Other types of arthritis and related conditions
Ankylosing spondylitis – a long-term inflammatory condition that mainly affects the bones, muscles and ligaments of the spine, leading to stiffness and joints fusing together.
Fibromyalgia – causes pain in the body’s muscles, ligaments and tendons.
Gout – a type of arthritis caused by too much uric acid in the body. This can be left in joints (usually affecting the big toe) but can develop in any joint. It causes intense pain, redness and swelling.
Psoriatic arthritis – an inflammatory joint condition that can affect people with psoriasis.
Enteropathic arthritis – a form of chronic, inflammatory arthritis associated with inflammatory bowel disease (IBD), the two best-known types being ulcerative colitis and Crohn’s disease.
Secondary arthritis – a type of arthritis that can develop after a joint injury and sometimes occurs many years afterwards.
Polymyalgia rheumatica – a condition that almost always affects people over 50 years of age, where the immune system causes muscle pain and stiffness, usually across the shoulders and tops of the legs. It can also cause joint inflammation.
Period pain is common and a normal part of your menstrual cycle. Most women experience it at some point in their lives.
It’s usually felt as painful muscle cramps in the tummy, which can spread to the back and thighs.
The pain sometimes comes in intense spasms, while at other times it may be dull but more constant.
What causes period pain?
Period pain occurs when the muscular wall of the womb tightens (contracts).
During your period, the wall of the womb starts to contract more vigorously to encourage the womb lining to shed away as part of your monthly period.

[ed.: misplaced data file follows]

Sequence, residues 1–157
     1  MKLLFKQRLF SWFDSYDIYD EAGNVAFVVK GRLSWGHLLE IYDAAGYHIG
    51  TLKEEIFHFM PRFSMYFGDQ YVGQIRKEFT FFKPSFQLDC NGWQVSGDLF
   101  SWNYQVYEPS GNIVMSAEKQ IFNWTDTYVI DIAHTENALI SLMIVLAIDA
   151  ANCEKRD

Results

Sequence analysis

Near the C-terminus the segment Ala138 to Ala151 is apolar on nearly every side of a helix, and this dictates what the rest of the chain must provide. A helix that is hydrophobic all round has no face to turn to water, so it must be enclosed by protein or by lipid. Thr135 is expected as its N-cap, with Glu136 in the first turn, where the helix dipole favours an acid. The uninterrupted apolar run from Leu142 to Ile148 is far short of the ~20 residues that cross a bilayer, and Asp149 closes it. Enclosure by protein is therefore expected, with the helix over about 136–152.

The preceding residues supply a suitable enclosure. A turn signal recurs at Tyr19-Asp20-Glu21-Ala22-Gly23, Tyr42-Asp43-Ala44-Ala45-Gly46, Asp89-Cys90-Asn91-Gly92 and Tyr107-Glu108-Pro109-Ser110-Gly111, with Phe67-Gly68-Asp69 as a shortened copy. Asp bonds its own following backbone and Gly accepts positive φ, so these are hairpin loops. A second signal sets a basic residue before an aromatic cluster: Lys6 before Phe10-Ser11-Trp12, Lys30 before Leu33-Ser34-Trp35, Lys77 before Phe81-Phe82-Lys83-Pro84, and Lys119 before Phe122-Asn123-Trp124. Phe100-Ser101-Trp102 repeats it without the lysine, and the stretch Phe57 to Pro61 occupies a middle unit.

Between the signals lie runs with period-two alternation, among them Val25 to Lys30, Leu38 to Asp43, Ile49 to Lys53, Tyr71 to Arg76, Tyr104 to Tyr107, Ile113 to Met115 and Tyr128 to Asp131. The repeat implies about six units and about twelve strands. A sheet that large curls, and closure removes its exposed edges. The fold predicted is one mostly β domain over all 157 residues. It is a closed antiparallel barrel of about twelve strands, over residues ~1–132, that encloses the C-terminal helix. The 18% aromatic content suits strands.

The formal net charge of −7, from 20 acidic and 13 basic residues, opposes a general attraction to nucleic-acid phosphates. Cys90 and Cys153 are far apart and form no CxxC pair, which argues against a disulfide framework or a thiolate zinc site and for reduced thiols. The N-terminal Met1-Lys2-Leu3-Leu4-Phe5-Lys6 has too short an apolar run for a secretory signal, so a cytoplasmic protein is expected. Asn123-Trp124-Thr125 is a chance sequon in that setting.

When the muscular wall of the womb contracts, it compresses the blood vessels lining your womb. This temporarily cuts off the blood supply – and hence oxygen supply – to your womb. Without oxygen, the tissues in your womb release chemicals that trigger pain.
While your body is releasing these pain-triggering chemicals, it’s also producing other chemicals called prostaglandins. These encourage the womb muscles to contract more, further increasing the level of pain.
Period pain caused by a condition
Less commonly, period pain can be caused by an underlying medical condition. Doctors sometimes call this secondary dysmenorrhoea.
Period pain linked to an underlying condition tends to affect older women. Women aged 30 to 45 are most commonly affected.
Conditions that can cause period pain include:
endometriosis – where cells that normally line the womb start to grow in other places, such as in the fallopian tubes and ovaries; these cells can cause intense pain when they shed and fall away
fibroids – non-cancerous tumours that can grow in the womb and can make your periods heavy and painful
pelvic inflammatory disease – where your womb, fallopian tubes and ovaries become infected with bacteria, causing them to become severely inflamed
adenomyosis – where the tissue that normally lines the womb starts to grow within the muscular womb wall, making your periods particularly painful
Patient information leaflet
More common side effects
The more common side effects that occur with naproxen oral tablet include:
Nausea and vomiting
Mild side effects may go away within a few days or a couple of weeks. Talk to your doctor or pharmacist if they’re more severe or don’t go away.
Serious side effects
Call your doctor right away if you have serious side effects. Call 911 if your symptoms feel life-threatening or if you think you’re having a medical emergency. Serious side effects and their symptoms can include the following:
Shortness of breath or trouble breathing
Weakness in one part or side of your body
Swelling of the face or throat
High blood pressure
Bleeding and ulcers in your stomach and intestines, with symptoms such as:
Blood in your stool
Black and sticky stool
Asthma attacks in people who have asthma
Low red blood cell count, which can cause fatigue, lethargy, and weakness
Yellowing of your skin or the whites of your eyes
Unusual weight gain or swelling of your arms, legs, hands, and feet
Skin rash or blisters with fever